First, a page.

(1895-1956) UK-Bulgarian-Armenian author, born Dikran Kouyoumdjian, in the UK from 1901, not allowed to enlist in World War One because of his confused national status; naturalized in 1922 under the name Michael Arlen (which he then took by deed poll). Initially as Dikran Kouyoumdjian, he was active from 1916, writing as Arlen from about 1920. He is mainly remembered for The Green Hat: A Romance for a Few People (1924) and other novels of fashionable London life. His supernatural fiction is to be found among other tales in These Charming People (coll 1923) and May Fair (coll 1924); Ghost Stories (coll 1927) assembled the supernatural tales from the previous volumes.
Arlen's sf novel, Man's Mortality: A Story (1933) is a Pax Aeronautica tale bearing elements in common with Rudyard Kipling's With the Night Mail (November 1905 McClure's; rev 1909 chap), though it is unlikely it influences or responds to H G Wells's The Shape of Things to Come (1933). Arlen's tale vividly depicts the collapse of International Aircraft and Airways in 1987, after 50 years of oligarchy, through the Invention of a Power Source that enables disaffected citizens to outmanoeuvre the government; the melodramatic story carries some moral bite, and was clearly written after the Pax Aeronautica had lost plausibility as a doctrine or wish. Hell! Said the Duchess: A Bed-Time Story (1934) combines Near Future political speculation and fantastic Satire: it is set in 1938, with Winston Churchill as premier; the police think the eponymous Duchess of Dove is the "Jane the Ripper" who has been attacking men, but the true villain – a Shapeshifter capable of changing his gender (see Transgender SF) – is eventually discovered, in bed with a man, strangled. The depressed nihilistic protagonist of Flying Dutchman (1939) has assembled a cadre of killers, who turn out at least partially responsible for creating the planet-wide moral distress that gives birth to World War Two. [JC]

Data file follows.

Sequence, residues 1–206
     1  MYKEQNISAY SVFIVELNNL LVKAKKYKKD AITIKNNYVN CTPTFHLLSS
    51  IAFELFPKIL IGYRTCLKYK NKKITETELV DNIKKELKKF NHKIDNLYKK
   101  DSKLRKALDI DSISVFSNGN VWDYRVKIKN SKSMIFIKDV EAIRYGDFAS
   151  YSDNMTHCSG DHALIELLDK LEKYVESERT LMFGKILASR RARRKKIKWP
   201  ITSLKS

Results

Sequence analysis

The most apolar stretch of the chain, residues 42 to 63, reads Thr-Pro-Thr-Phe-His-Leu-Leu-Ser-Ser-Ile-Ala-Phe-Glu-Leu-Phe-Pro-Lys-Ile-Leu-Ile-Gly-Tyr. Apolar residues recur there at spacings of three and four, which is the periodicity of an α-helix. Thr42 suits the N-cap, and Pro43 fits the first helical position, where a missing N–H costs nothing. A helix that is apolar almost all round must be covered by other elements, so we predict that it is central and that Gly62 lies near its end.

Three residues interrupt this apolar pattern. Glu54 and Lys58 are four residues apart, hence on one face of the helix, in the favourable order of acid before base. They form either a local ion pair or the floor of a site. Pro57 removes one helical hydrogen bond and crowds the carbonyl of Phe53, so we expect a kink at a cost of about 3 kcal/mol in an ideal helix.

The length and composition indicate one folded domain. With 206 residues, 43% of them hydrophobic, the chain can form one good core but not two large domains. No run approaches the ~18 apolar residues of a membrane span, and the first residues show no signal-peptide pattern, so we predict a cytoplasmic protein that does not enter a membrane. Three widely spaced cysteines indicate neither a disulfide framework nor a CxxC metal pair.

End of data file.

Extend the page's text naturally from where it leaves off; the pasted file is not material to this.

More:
see also: Scientific Romance; Transportation.
born Ruse [also rendered as Rousse or Rusçuk], Bulgaria: 16 November 1895
died New York: 23 June 1956
about the author
- Harry Keyishian. Michael Arlen (Boston, Massachusetts: Twayne, 1975) [nonfiction: hb/]
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